This is certainly one of the more interesting concepts for a world that I’ve read in a while. This society is a mirror of our own, the difference being that human beings are classified either as monos or duos. Monos can remember one day’ worth of memory and duos can remember two. This creates a stratification in society where those with more memory are perceived as more adept and look down on those with more limited memory. Among all this, a murder has taken place and it is up to the police to solve the case before they run out of time and the memories are lost. In this world where peoples memory exists within the confines of their iDiaries which they write in every day, characters remember things as they wrote it down, making it possible to forget the past so easily.

I really struggled with this book. I think the concept is promising, but I don’t think that it was executed in a believable way, making it very hard to really connect with the story. My main problem with this book is that the concept is that people only have limited memory, but within the story, characters can remember facts and can work to remember facts. They only lose more trivial details and things they don’t commit to memory. This detail really takes away from this world. The story for me was undermined the second these facts were introduced. It complicated the characters, their motives, what they “choose” to remember or forget. It made it unclear as to how characters could really choose to forget a wrongdoing and re-write the course of their pasts.

What I did like was how truly unreliable every character was. This world really creates a lack of trust between the readers and the characters and for me, that’s immensely interesting. No one knows the truth. Even in the end, we can only know for certain by trusting the one character that’s potentially the most untrustworthy of them all. This creates a complexity within this story that one doesn’t always find in a story that’s more like our own.

I gave this book 3 out of 5 stars. I did enjoy it as I was fascinated to see how Yap would create this world and drive the plot forward when the characters memories are so short. However, there were some short comings that left me unhappy with the concept as a whole. I think for a debut, Yap’s written an intriguing narrative and I’d be interested to see where her work goes in the future.

Review: Blame by Jeff Abbott

30842435* I received this book in exchange for an honest review.*

Title: Blame

Author: Jeff Abbott

Publisher: Grand Central Publishing

Publication Date: July 18, 2017

ISBN: 9781455558438

Synopsis from Goodreads:
The crash that killed him
Two years ago, Jane Norton crashed her car on a lonely road, killing her friend David and leaving her with amnesia. At first, everyone was sympathetic. Then they found Jane’s note: I wish we were dead together.

A girl to blame
From that day the town turned against her. But even now Jane is filled with questions: Why were they on that road? Why was she with David? Did she really want to die?

The secrets she should forget
Most of all, she must find out who has just written her an anonymous message: I know what really happened. I know what you don’t remember…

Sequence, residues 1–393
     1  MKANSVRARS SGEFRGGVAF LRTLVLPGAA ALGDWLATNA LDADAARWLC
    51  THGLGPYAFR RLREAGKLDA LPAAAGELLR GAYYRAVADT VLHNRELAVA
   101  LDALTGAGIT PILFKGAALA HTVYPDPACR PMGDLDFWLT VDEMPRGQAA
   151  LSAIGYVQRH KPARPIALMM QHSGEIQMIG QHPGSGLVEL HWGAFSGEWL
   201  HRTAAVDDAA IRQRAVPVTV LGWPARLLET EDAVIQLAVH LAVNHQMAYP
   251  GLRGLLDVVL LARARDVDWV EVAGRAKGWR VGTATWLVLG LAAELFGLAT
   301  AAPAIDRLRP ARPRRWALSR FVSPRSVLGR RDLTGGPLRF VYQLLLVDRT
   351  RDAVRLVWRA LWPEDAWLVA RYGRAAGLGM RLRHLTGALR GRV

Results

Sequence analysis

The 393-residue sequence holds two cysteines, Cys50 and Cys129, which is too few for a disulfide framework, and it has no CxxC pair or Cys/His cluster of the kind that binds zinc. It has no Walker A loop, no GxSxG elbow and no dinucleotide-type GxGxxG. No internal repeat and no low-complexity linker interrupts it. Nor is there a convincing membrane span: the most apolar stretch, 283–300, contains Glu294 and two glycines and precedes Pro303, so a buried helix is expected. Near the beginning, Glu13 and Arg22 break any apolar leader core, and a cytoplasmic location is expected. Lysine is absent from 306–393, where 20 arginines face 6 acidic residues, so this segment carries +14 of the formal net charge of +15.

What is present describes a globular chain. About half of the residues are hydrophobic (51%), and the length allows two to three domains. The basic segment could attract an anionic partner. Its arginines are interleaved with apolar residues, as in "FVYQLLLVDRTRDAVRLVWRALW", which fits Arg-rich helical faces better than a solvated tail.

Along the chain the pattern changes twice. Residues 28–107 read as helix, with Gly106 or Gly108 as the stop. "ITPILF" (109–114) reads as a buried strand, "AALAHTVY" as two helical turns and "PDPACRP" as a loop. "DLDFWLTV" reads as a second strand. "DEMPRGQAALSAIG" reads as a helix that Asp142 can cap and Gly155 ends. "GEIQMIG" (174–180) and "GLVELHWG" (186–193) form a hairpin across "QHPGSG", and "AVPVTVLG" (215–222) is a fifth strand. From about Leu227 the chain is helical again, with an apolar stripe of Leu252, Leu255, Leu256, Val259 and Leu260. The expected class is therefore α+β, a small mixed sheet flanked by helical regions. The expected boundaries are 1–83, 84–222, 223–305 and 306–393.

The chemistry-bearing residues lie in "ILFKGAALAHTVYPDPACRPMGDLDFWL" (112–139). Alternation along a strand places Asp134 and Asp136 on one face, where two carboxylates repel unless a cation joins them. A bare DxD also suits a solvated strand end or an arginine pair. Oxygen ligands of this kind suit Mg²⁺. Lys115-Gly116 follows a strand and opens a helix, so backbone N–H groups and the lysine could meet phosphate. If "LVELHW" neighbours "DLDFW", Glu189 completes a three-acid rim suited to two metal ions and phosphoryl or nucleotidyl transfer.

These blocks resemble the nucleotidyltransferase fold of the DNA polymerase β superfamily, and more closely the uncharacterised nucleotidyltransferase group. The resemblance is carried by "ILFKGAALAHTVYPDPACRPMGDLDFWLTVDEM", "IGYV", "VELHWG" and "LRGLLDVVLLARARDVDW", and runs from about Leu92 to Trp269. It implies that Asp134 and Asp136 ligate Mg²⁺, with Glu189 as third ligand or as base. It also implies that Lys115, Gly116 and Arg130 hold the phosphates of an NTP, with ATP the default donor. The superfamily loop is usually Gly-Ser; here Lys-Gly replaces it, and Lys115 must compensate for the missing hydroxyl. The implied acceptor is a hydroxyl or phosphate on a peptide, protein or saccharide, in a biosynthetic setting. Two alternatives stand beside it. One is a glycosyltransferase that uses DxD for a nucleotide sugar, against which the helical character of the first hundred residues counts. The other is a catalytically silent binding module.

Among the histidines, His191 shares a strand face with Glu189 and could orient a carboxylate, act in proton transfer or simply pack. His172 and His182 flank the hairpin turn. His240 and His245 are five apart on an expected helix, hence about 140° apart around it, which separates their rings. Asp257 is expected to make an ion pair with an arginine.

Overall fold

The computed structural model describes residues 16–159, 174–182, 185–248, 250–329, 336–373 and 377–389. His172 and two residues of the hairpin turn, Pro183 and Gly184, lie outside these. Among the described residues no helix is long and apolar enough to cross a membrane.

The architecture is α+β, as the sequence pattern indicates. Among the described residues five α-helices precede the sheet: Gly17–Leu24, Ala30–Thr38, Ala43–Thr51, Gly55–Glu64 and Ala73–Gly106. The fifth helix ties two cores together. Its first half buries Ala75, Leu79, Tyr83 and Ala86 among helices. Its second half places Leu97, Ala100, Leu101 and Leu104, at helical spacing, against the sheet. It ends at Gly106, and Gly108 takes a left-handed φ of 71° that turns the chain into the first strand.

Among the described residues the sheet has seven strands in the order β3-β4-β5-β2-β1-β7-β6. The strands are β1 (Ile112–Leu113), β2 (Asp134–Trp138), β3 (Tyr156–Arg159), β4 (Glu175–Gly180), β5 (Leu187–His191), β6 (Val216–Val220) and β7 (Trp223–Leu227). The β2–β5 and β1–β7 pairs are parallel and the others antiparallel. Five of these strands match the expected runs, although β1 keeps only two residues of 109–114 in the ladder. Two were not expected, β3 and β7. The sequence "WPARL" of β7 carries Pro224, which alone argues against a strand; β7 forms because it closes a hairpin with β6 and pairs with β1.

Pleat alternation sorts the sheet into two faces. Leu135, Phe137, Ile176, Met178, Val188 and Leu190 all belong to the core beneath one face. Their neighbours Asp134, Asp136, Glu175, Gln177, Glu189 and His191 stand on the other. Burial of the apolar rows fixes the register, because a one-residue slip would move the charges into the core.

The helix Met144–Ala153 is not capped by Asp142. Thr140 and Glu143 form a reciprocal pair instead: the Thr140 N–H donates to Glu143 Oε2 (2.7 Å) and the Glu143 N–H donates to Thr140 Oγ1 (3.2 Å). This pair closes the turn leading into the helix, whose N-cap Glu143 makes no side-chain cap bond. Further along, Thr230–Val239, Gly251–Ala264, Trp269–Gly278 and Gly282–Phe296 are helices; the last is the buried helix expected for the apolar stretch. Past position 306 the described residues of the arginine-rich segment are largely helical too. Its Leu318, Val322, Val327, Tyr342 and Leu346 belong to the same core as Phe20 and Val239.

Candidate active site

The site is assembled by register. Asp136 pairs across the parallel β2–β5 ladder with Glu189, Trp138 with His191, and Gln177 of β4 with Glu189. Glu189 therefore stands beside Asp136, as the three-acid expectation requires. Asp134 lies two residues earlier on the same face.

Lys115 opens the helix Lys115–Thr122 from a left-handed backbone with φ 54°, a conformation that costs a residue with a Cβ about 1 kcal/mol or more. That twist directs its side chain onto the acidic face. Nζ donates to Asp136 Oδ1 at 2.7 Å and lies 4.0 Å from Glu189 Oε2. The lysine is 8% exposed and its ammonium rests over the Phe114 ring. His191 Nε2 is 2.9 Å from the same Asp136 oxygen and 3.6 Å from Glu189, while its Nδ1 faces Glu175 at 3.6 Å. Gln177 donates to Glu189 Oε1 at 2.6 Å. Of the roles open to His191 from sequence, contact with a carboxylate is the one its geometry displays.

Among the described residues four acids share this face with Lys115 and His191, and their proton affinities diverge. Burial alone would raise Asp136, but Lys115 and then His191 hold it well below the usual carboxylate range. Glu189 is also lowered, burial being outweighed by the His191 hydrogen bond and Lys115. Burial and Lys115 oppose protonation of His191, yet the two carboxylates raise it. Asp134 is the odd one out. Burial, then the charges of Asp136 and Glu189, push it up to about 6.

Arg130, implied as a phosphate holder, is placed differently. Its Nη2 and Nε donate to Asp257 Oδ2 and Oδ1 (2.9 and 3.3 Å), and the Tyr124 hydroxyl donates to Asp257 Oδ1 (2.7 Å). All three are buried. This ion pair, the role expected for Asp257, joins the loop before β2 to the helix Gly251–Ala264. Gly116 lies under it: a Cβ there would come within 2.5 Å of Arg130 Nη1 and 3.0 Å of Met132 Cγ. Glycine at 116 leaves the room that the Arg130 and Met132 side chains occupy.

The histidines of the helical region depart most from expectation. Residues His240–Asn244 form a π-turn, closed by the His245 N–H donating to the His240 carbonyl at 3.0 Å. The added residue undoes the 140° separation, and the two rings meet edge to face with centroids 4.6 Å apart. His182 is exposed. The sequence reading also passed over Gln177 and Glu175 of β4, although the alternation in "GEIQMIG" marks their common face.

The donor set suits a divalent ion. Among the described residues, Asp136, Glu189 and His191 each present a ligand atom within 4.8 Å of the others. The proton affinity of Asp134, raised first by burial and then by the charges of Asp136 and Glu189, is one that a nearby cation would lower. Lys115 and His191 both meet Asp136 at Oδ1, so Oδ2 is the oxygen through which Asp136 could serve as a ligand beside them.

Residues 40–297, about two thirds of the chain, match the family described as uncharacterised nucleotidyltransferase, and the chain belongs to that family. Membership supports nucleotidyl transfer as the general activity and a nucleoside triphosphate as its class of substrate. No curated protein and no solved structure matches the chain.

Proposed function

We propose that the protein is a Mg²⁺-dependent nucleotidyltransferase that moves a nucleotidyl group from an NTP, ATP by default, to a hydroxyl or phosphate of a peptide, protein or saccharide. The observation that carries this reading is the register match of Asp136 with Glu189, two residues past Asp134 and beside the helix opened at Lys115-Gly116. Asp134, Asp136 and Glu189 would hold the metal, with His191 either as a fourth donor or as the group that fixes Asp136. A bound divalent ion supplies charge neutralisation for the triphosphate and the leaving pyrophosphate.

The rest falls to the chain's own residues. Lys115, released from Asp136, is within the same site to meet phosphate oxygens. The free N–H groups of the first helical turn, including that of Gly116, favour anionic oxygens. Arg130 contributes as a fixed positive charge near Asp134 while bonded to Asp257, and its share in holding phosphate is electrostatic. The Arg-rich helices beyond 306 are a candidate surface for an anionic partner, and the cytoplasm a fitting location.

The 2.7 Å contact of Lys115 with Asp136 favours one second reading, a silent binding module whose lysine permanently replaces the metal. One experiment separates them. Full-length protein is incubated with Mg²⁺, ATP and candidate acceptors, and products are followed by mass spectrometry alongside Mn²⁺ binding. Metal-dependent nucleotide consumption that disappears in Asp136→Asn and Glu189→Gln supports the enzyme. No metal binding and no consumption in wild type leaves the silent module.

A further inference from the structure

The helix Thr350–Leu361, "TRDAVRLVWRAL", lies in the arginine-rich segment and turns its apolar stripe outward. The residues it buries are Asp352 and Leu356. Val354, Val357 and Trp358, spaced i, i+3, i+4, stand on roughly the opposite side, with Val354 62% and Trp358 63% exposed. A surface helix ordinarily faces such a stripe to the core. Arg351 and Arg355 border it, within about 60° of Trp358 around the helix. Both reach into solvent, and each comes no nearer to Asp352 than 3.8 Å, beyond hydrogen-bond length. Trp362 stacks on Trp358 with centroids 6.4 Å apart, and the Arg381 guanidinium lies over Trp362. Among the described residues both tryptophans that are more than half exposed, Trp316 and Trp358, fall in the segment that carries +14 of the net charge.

Never have I enjoyed a thriller so much as I enjoyed Abbott’s Blame. It has a surprisingly engaging plot and some completely unseen twists. I couldn’t put it down. It’s not often that I get too into the thriller genre, but I’m glad I made an exception for this one. As a result of an accident, the protagonist, Jane, cannot remember the 3 years leading up to the crash that killed her childhood friend David. She is left a pariah, considered a murderer and an addict to nearly everyone in the town. Many in the town assume that because of her amnesia and the terrible accident that Jane is out of control. In this town, everyone has secrets, some far more terrible than others.

Not a single character is trustworthy, not even Jane. Abbott writes with with fingers pointed in all directions. Everyone can be a suspect here. Because our narrator is so profoundly unreliable due to her lack of knowledge–which even she acknowledges!–we cannot trust a thing that anyone tells her. The only things we know to be true are the small written facts we’re given along the way: a hand written note, a photograph, etc. Even Jane notes that anyone could tell her anything and she’d have to accept it as truth, because she knows no different. She is unreliable, but she is also incredibly vulnerable. Both Jane, and the reader, look to each character with mistrust and suspicion. It builds the intensity of the story and creates a frantic desperation to find out the truth…before it’s too late. Many innocent lives are at stake. The question of “why?” hangs over this tragedy, lurking in everyone’s actions and motivations. They all want the same thing, but there are things that someone is trying to keep hidden.

I’m just completely in awe of how much I liked this book. I can’t compare it to other thrillers, because it’s very unfamiliar territory for me. I can say that there were many characters that I did not sympathize with, and felt anger towards. But there are many redeeming characters who are open to forgiveness and willing to drop everything to help find the truth. Abbott has built a very interesting community in this tragedy stricken town.

While this book may not warm me up to this genre as a whole, as a stand alone book, I really appreciated Blame. I’m glad I took a shot to try something new, because it definitely paid off.

Review: The History of Bees by Maja Lunde

32920292*I received this book from the publisher in exchange for an honest review.*